Population Statistic: Read. React. Repeat.
Tuesday, April 21, 2021

My already-shaky faith in humanity takes yet another direct hit from news that barely half the population actually understands how the percentages used in weather forecast probabilities work:

If, for example, a forecast calls for a 20 percent chance of rain, many people think it means that it will rain over 20 percent of the area covered by the forecast. Others think it will rain for 20 percent of the time, said Susan Joslyn, a cognitive psychologist at the University of Washington who conducted the study.

The reality: “When a forecast says there is a 20 percent chance of rain tomorrow it actually means it will rain on 20 percent of the days with exactly the same atmospheric conditions,” Joslyn explained.

Put another way, on that day there’s an 80 percent chance there will be no rain anywhere in the forecast area.

My mind’s boggling… I can almost see how that percentage figure could be assigned to time and/or space, only because I experienced wacky Florida weather that resulted in torrential downpours only a couple of miles away from sun-shiny skies. I guess if you grow up with that climactic activity, you could mistake the formalized “probability of precipitation”.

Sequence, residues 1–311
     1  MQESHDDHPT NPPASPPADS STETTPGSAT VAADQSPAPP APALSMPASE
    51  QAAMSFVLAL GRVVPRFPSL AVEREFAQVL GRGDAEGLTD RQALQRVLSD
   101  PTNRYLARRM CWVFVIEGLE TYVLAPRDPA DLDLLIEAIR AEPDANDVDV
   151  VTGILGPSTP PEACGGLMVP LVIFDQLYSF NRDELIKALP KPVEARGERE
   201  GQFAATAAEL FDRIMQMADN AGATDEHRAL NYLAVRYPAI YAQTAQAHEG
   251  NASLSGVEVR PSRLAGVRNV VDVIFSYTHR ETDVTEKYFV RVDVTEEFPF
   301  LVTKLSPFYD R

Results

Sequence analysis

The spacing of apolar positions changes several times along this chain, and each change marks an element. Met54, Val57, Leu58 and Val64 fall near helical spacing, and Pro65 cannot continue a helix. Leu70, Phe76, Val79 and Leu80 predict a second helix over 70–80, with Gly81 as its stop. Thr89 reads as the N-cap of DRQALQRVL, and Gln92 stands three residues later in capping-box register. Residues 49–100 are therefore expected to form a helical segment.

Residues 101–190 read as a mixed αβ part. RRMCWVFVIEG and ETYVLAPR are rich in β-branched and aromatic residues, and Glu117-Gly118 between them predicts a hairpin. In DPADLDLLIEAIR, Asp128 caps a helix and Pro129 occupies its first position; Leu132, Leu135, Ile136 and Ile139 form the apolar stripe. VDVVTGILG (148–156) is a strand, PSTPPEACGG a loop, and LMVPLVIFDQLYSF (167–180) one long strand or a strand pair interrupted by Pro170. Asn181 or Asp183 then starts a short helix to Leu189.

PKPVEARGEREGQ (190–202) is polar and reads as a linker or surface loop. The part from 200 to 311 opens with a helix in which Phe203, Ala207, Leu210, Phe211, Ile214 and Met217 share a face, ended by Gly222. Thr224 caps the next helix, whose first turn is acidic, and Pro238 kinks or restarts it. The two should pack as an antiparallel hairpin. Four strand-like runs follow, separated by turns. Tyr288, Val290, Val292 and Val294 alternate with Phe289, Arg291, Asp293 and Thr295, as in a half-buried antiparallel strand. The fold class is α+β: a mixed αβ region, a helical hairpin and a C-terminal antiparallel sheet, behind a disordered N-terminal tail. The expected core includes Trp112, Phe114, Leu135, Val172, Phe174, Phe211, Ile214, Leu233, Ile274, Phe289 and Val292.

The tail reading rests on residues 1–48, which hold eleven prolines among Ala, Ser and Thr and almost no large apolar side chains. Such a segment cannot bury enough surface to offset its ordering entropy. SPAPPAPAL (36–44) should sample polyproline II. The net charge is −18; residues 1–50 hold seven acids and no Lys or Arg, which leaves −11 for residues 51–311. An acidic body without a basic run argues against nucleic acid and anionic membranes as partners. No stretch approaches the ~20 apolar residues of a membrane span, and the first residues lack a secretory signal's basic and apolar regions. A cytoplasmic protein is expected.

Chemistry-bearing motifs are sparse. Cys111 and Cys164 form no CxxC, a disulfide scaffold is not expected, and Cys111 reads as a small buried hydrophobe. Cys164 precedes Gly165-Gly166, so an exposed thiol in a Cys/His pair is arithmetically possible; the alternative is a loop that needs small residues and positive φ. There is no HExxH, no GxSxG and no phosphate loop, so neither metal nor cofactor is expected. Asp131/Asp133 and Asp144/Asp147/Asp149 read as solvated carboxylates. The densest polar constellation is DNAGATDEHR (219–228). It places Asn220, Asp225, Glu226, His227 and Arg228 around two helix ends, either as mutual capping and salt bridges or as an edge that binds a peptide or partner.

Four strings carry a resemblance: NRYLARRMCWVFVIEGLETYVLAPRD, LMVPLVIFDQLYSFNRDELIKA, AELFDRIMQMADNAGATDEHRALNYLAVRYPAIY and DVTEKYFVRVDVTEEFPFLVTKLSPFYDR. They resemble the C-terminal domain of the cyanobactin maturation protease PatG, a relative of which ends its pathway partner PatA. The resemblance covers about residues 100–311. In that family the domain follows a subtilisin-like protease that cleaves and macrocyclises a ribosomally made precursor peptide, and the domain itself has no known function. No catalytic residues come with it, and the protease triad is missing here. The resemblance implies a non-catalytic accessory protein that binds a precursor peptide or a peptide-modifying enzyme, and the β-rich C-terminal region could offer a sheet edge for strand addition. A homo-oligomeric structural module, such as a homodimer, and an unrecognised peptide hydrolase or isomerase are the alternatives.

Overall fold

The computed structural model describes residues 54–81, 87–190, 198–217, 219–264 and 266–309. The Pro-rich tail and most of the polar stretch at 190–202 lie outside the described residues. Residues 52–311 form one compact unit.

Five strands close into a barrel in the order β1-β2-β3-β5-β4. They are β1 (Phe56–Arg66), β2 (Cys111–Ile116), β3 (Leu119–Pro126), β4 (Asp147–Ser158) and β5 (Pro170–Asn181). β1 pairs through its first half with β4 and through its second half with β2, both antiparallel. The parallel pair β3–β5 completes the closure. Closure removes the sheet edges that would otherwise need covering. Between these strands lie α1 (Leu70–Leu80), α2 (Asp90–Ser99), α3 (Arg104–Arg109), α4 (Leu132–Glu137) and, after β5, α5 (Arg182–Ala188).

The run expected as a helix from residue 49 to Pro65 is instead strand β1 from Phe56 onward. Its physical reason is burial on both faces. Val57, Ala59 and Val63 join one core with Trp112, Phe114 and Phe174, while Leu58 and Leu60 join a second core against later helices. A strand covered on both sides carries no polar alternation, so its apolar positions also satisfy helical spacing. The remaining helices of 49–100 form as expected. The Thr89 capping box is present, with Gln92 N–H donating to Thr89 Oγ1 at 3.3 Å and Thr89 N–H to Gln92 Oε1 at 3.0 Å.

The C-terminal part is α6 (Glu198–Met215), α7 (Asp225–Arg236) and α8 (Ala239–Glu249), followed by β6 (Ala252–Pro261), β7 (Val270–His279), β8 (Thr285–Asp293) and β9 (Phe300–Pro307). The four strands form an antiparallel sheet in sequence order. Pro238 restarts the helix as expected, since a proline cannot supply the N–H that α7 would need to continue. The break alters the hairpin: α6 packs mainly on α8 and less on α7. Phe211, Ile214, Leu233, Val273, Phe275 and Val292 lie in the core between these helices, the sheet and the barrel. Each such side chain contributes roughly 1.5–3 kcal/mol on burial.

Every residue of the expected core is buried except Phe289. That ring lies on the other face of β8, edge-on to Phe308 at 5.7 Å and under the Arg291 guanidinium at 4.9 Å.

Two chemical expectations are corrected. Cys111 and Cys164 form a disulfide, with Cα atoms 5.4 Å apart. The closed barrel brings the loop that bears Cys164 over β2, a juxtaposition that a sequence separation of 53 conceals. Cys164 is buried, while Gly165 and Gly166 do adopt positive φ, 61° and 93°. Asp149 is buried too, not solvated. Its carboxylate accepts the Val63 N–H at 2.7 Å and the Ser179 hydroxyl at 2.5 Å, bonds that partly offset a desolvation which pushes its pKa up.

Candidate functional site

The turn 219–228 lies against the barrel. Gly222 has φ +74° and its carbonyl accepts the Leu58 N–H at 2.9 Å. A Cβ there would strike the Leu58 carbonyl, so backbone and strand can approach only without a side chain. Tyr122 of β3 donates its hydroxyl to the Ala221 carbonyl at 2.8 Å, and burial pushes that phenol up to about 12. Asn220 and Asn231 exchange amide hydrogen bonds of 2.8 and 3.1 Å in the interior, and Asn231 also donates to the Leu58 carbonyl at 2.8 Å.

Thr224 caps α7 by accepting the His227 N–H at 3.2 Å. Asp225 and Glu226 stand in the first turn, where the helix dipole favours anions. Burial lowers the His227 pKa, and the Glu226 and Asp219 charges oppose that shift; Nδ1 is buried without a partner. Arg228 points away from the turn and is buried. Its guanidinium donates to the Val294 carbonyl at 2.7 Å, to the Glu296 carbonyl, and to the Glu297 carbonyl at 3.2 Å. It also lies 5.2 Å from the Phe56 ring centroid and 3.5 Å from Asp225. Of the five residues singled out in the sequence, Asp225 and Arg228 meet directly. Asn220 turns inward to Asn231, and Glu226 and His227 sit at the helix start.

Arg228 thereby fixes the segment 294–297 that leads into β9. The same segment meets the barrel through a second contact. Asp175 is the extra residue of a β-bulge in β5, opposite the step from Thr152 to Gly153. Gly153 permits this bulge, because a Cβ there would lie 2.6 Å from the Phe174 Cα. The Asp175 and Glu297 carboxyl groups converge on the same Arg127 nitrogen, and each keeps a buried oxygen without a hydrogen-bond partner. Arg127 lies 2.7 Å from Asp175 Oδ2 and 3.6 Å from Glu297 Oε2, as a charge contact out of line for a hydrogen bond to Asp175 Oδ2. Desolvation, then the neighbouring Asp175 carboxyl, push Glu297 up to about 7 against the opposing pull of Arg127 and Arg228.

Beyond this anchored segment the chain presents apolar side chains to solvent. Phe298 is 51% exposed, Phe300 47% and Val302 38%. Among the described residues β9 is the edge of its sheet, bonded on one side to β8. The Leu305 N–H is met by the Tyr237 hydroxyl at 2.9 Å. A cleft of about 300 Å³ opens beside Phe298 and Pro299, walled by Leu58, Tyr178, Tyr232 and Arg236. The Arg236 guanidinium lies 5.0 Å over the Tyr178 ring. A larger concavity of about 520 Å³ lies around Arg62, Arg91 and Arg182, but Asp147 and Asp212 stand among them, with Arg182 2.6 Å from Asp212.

But come on. How hard is it to suss out the real meaning? They’ve been using these measures for forty years now, on the friendly TV screen no less. You’d have to be willfully ignorant to not be able to understand the weather report by now.

I suppose this will bring a call for some sort of dumbed-down method of forecasting. Ultimately meteorology will reduce itself to sticking your head out the window and guessing (not that it’s too far from that now anyway).

by Costa Tsiokos, Tue 04/21/2009 12:12:26 PM
Category: Society, Weather
| Permalink | Trackback | Feedback (1)

Okay, Monday. Fess up.

I know it’s you here today. I know the calendar says Tuesday, but really, c’mon. This day is you all over: The rotten weather, the herky-jerky subways, the long lines, the exceedingly stupid people (and the long lines made longer by the ever-exceedingly stupid people).

You tried to sneak in for a repeat back-to-back performance this week. But the jig is up. You’ve somehow usurped this second weekday, but now I’ve outed you. That won’t stop you from your carrying out your malevolent streak, but just so we’re clear.

by Costa Tsiokos, Tue 04/21/2009 10:27:07 AM
Category: New Yorkin', Society, Weather
| Permalink | Trackback | Feedback